Kentucky players ready to face NBA challenges
From Mike DeCourcy of The Sporting News…
They made the announcement together, which certainly was fitting, and it was at their insistence. Anthony Davis, Michael Kidd-Gilchrist, Terrence Jones, Doron Lamb and Marquis Teague officially left NCAA basketball behind Tuesday evening, but, unofficially, they never will leave Kentucky.
In just seven months, they forged themselves into a team for the ages and, more to the point, for this age.
Their collective departure for the NBA Draft will not be universally appreciated, however, and that is the one great tragedy of the 2011-12 Kentucky basketball season. There wasn’t much these Wildcats left undone: They tied the Division I record with 38 victories in a season, won the SEC regular-season title, reached the Final Four, won the NCAA title.
But they failed to convert the agnostics.
They did all they could, of course. Davis was so spectacular he swept every major award a college player can win: Freshman of the year, player of the year, defensive player of the year and most outstanding player of the Final Four. No one among the Wildcats averaged 10 shots a game. No one averaged 15 points. All six in the primary rotation averaged more than an assist per game.
These Wildcats played the game the way basketball purists dream for it to be played: Intelligently, fairly, aggressively and, now more than ever, selflessly.
Six-time NBA champion Scottie Pippen once said, “Sometimes, a player’s greatest challenge is coming to grips with his role on the team.” Among the 2012 Kentucky Wildcats, senior Darius Miller gave up a starting job because it made sense to bring his scoring ability off the bench; Davis refurnished his house with trophies despite taking the fourth-most shots among the Wildcats, and Jones took fewer 3-point shots because these loaded Wildcats didn’t need him to force offense.
“We tell them all the time: Be the teammate you want to play with,” Calipari said Tuesday night.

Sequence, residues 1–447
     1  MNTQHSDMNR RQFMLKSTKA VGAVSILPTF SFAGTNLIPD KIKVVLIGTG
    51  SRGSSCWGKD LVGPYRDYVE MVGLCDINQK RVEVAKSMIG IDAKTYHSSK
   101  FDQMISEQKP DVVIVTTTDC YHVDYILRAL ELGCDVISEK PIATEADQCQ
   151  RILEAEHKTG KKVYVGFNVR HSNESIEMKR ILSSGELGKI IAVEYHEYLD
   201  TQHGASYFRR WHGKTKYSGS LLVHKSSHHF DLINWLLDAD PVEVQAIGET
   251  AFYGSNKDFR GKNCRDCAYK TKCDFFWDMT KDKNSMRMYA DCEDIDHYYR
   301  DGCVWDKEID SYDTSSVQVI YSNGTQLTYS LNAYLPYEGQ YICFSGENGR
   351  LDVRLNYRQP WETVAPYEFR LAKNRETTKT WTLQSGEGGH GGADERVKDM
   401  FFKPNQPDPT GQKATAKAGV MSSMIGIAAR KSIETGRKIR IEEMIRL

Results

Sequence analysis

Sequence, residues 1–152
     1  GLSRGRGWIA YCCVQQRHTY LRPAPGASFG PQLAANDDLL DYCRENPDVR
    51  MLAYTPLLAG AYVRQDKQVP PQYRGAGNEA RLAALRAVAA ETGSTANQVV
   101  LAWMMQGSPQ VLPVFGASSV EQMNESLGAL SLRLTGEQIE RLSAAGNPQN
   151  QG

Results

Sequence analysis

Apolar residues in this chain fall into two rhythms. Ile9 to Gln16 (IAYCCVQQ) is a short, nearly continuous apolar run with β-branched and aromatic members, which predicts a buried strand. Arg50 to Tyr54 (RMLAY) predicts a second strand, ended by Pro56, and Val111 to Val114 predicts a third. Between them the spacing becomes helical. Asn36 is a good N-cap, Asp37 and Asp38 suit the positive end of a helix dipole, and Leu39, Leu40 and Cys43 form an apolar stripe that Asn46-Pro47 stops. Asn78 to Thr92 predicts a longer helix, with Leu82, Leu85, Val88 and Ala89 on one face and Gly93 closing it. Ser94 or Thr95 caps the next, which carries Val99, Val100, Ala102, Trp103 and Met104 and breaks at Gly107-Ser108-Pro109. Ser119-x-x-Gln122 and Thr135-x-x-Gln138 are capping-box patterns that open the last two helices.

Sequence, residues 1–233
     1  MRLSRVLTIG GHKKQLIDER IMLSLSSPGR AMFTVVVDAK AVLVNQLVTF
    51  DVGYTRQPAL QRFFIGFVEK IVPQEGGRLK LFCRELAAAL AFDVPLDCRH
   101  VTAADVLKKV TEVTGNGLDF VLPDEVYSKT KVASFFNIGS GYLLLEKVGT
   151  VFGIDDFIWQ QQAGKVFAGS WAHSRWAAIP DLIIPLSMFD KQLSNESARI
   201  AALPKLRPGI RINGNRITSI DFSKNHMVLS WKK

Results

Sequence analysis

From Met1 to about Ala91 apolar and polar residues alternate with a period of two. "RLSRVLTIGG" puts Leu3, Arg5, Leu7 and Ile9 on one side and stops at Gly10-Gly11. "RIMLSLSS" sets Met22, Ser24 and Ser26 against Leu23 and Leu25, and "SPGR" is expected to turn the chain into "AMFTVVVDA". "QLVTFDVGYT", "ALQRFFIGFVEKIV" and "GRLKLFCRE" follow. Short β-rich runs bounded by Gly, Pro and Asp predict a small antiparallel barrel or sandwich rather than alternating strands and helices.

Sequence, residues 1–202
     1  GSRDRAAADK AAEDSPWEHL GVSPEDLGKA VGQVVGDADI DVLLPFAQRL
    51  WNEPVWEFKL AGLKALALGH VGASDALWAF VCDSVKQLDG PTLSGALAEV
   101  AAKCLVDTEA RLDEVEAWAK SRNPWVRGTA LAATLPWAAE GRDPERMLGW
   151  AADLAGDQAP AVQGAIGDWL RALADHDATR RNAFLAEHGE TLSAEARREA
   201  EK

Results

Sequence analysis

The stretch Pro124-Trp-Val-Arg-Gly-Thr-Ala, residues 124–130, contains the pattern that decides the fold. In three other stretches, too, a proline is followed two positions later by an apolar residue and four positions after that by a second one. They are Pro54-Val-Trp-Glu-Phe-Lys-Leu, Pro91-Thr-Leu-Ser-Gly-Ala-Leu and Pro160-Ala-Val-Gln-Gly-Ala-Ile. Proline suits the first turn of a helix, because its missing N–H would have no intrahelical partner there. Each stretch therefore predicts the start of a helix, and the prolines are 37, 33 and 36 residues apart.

It was quite clear these Wildcats — though products of the summer basketball subculture so widely derided, carrying the recruiting rankings that supposedly warp one’s sensibilities, each of them ground daily through the mock drafts that distract so many college players — had listened to their coaches.
“During the season, it’s about our team. You saw it in this year’s team: They were about each other,” Calipari said. “When the season is over, it’s about moments like this.”
Tuesday night’s press conference was exactly the moment Kentucky’s critics had anticipated, and with contempt. It has been breathtaking to observe, in the aftermath of Kentucky’s championship, the intellectually dishonest dismissals of the Wildcats’ achievements, so many seizing upon the myth of this team rather than its reality.
In a New York Times piece that appeared just hours after the Wildcats triumphed in New Orleans, Ohio University professor David Ridpath called Kentucky’s method of constructing basketball teams “a complete façade” and posited, “Anyone who thinks that this has anything to do with the collegiate or educational model is flat-out wrong.”
Associated Press columnist Jim Litke declared the term “student-athlete” died at 11:42 p.m. ET on April 2, which was the moment Kentucky completed its victory over Kansas and claimed the school’s eighth NCAA championship.